A bad score on an elementary school test convinced him that he was not very good at math. As a teenager he dreamed of becoming a poet. He didn’t major in math, and when he finally applied to graduate school, he was rejected by every university save one.

Nine years later, at the age of 34, Huh is at the pinnacle of the math world. He is best known for his proof, with the mathematicians Eric Katz and Karim Adiprasito, of a long-standing problem called the Rota conjecture.

Even more remarkable than the proof itself is the manner in which Huh and his collaborators achieved it—by finding a way to reinterpret ideas from one area of mathematics in another where they didn’t seem to belong. This past spring [the Institute for Advanced Study] offered Huh a long-term fellowship, a position that has been extended to only three young mathematicians before. Two of them (Vladimir Voevodsky and Ngô Bảo Châu) went on to win the Fields Medal, the highest honor in mathematics.

That Huh would achieve this status after starting mathematics so late is almost as improbable as if he had picked up a tennis racket at 18 and won Wimbledon at 20. It’s the kind of out-of-nowhere journey that simply doesn’t happen in mathematics today, where it usually takes years of specialized training even to be in a position to make new discoveries. Yet it would be a mistake to see Huh’s breakthroughs as having come in spite of his unorthodox beginning. In many ways they’re a product of his unique history—a direct result of his chance encounter, in his last year of college, with a legendary mathematician who somehow recognized a gift in Huh that Huh had never perceived himself.

For today, I’ll give a fun fact that I learned last year; for its national flag, the country of Togo chose a rectangle whose dimensions matches the golden ratio.

In my capstone class for future secondary math teachers, I ask my students to come up with ideas for engaging their students with different topics in the secondary mathematics curriculum. In other words, the point of the assignment was not to devise a full-blown lesson plan on this topic. Instead, I asked my students to think about three different ways of getting their students interested in the topic in the first place.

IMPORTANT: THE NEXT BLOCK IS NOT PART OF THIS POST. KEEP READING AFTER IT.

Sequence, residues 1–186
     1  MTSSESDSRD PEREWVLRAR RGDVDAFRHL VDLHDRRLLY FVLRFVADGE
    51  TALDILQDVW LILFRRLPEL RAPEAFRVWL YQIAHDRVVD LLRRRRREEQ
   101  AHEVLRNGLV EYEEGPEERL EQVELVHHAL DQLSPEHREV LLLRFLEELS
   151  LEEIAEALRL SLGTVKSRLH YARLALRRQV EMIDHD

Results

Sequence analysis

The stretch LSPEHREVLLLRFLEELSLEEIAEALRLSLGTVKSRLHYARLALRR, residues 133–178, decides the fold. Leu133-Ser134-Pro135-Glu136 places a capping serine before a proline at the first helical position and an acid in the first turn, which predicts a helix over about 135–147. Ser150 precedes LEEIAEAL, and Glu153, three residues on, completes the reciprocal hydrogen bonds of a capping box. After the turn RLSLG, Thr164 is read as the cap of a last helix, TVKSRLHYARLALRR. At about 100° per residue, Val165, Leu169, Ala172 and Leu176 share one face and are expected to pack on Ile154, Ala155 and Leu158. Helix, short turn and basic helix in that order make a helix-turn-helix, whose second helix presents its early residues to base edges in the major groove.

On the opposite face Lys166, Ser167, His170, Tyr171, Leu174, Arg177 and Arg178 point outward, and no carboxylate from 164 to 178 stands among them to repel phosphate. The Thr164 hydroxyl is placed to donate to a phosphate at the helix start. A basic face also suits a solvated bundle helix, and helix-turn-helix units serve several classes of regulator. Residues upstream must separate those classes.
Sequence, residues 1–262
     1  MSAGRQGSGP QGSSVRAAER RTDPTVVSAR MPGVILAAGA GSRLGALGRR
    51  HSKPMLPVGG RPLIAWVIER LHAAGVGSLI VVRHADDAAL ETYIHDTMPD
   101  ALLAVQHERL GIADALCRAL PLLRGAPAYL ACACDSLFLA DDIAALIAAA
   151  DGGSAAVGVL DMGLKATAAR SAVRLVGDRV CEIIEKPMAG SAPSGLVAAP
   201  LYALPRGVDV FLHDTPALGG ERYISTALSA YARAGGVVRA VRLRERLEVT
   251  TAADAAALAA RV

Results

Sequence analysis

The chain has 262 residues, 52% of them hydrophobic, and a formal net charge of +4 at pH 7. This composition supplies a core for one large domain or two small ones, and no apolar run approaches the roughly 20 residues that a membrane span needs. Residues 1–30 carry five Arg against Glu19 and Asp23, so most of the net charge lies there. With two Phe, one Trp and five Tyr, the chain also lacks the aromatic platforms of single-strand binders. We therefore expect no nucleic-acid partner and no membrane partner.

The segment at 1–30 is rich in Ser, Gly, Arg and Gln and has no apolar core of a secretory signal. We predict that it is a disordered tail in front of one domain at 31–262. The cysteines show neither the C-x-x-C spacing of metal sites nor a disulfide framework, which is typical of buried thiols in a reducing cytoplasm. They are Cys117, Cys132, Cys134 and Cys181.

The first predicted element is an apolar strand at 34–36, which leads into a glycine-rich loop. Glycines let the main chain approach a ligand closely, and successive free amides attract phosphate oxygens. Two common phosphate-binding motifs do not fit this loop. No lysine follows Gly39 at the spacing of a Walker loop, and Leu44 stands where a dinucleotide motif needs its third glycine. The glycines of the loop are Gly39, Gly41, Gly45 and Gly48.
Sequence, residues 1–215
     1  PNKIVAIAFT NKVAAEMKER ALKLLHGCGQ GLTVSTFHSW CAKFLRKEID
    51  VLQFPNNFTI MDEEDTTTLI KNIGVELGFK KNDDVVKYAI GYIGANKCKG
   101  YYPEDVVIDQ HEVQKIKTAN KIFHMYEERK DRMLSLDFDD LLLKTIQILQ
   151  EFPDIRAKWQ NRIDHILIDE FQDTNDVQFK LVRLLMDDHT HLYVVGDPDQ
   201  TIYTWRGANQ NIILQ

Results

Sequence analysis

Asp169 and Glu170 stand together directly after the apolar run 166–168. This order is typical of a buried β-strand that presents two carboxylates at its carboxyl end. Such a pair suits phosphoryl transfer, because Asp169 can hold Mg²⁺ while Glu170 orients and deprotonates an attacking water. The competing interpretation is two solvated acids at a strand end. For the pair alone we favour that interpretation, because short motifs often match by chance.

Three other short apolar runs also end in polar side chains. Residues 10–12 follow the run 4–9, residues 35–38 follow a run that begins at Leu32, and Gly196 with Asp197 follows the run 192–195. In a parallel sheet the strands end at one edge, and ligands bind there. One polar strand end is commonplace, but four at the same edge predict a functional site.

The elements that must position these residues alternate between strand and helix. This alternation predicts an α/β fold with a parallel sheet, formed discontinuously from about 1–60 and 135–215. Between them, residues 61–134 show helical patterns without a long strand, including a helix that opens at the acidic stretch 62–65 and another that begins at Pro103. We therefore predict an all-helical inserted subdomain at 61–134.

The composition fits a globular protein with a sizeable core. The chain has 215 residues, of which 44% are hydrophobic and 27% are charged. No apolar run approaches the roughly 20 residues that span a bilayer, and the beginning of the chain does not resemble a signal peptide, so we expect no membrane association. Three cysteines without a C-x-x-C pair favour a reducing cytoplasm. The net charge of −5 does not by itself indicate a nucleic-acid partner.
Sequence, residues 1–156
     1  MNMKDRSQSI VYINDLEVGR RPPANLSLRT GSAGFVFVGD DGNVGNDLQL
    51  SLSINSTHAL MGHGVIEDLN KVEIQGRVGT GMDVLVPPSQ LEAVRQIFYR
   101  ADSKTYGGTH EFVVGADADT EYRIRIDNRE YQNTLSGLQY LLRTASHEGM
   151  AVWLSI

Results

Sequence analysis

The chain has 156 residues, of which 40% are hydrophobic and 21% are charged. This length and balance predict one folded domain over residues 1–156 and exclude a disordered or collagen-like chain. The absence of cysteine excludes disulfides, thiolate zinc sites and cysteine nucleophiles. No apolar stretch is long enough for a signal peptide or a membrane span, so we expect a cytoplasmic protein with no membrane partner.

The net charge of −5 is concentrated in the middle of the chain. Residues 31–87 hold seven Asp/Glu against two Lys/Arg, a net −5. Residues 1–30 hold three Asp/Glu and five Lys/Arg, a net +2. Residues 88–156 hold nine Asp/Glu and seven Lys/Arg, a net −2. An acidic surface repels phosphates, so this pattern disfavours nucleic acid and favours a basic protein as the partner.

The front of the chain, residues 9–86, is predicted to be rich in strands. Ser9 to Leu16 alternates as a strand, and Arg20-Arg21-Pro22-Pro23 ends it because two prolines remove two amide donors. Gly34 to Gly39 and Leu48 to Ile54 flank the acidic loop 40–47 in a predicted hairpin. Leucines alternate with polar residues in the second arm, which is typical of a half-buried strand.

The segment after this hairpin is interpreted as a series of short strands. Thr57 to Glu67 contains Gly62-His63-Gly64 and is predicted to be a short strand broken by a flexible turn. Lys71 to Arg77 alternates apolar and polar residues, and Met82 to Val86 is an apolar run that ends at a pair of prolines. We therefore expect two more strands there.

I plan to share some of the best of these ideas on this blog (after asking my students’ permission, of course).

This student submission again comes from my former student Trent Pope. His topic, from Pre-Algebra: probability and odds.

What interesting (i.e., uncontrived) word problems using this topic can your students do now?

This website contains problems that would be great for odds. On the worksheet it has you solving problems about the chances of getting different gumballs from a gumball machine and chances of winning gift cards in a drawing. These worksheets would be great because there are real life applications with these examples. On the worksheet students are to solve what color gumballs they could draw from the machine. This will give them a visual representation of their odds. In order to find their odds they must know all the required information such as the number of total gumballs and the number of each color. Then the instructor can ask the students any question about what they can draw. The other problem is that there are gift cards, coupons, and free admission to a theme park that a student draws from a hat. This would be another great example of how students can find the odds of what they can draw.

How could you as a teacher create an activity or project that involves your topic?

This project idea comes from the game show Deal or No Deal. The purpose of the project would be for students to see what the odds are of winning more money than the amount offered from the Banker. For instance, the banker will offer you $100,000 to leave the show without seeing what is in your briefcase. The contestant would then look to see how many briefcases are left that could contain an amount greater than $100,000. If there are five chances out of the twenty remaining briefcases, the student would have a 5/20 chance, or 25% chance, to win more money. So, the contestant might want to say no deal because there is a higher chance of winning more money should he/she stay in the game. Students could go multiple rounds of this and see if their chances increase as the game goes on. This would engage students and they would look forward to winning the game show.

How has this topic appeared in pop culture (movies, TV, current music, video games, etc.)?

This topic has appeared in many examples through pop culture. One is in the movie 21. Also, I have found a YouTube video demonstrating probability and odds. The video gives an example of how a game show changes your odds of winning a brand new car. There are three doors and the host asks you which door you think has the new car. When you do this you have a 33% chance of selecting the right door. After you have made a selection, the host goes and selects one of the remaining doors to open. Remember that the host knows which door the car is behind. He opens the door to show you that it does not contain the car. Then, the host asks you if you would like to change your door or keep it. Because of variable change you are more likely to pick the car if you change your decision. This increases your chances to 66% of choosing the right door. I thought this was a great way to engage students about probability and odds because it is all about your chance of selecting the correct door. You have one chance to pick the right door, but three doors to pick from. This is all about odds. It increases after the host opens a door because you have a second chance to select the correct door. This would apply to all game shows, and people would be able to make personal connections.